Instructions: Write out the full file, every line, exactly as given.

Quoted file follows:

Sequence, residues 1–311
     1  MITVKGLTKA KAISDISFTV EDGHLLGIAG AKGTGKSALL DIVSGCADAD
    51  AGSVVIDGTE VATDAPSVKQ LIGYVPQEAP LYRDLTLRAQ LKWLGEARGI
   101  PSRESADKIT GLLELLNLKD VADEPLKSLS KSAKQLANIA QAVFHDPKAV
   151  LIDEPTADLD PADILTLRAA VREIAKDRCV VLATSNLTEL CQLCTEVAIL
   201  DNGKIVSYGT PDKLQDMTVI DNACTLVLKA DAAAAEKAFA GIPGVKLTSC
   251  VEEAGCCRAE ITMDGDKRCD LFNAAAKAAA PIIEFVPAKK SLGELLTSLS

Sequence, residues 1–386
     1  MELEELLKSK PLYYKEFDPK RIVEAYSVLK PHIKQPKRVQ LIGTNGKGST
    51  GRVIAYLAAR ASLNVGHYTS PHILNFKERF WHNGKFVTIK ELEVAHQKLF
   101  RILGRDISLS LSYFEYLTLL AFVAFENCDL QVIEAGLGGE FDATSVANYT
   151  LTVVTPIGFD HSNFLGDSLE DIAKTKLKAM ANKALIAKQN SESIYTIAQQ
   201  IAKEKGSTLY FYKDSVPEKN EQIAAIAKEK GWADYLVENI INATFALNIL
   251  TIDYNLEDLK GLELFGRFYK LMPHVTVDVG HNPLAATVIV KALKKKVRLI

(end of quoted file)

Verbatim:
Sequence, residues 1–311
     1  MITVKGLTKA KAISDISFTV EDGHLLGIAG AKGTGKSALL DIVSGCADAD
    51  AGSVVIDGTE VATDAPSVKQ LIGYVPQEAP LYRDLTLRAQ LKWLGEARGI
   101  PSRESADKIT GLLELLNLKD VADEPLKSLS KSAKQLANIA QAVFHDPKAV
   151  LIDEPTADLD PADILTLRAA VREIAKDRCV VLATSNLTEL CQLCTEVAIL
   201  DNGKIVSYGT PDKLQDMTVI DNACTLVLKA DAAAAEKAFA GIPGVKLTSC
   251  VEEAGCCRAE ITMDGDKRCD LFNAAAKAAA PIIEFVPAKK SLGELLTSLS

Sequence, residues 1–386
     1  MELEELLKSK PLYYKEFDPK RIVEAYSVLK PHIKQPKRVQ LIGTNGKGST
    51  GRVIAYLAAR ASLNVGHYTS PHILNFKERF WHNGKFVTIK ELEVAHQKLF
   101  RILGRDISLS LSYFEYLTLL AFVAFENCDL QVIEAGLGGE FDATSVANYT
   151  LTVVTPIGFD HSNFLGDSLE DIAKTKLKAM ANKALIAKQN SESIYTIAQQ
   201  IAKEKGSTLY FYKDSVPEKN EQIAAIAKEK GWADYLVENI INATFALNIL
   251  TIDYNLEDLK GLELFGRFYK LMPHVTVDVG HNPLAATVIV KALKKKVRLI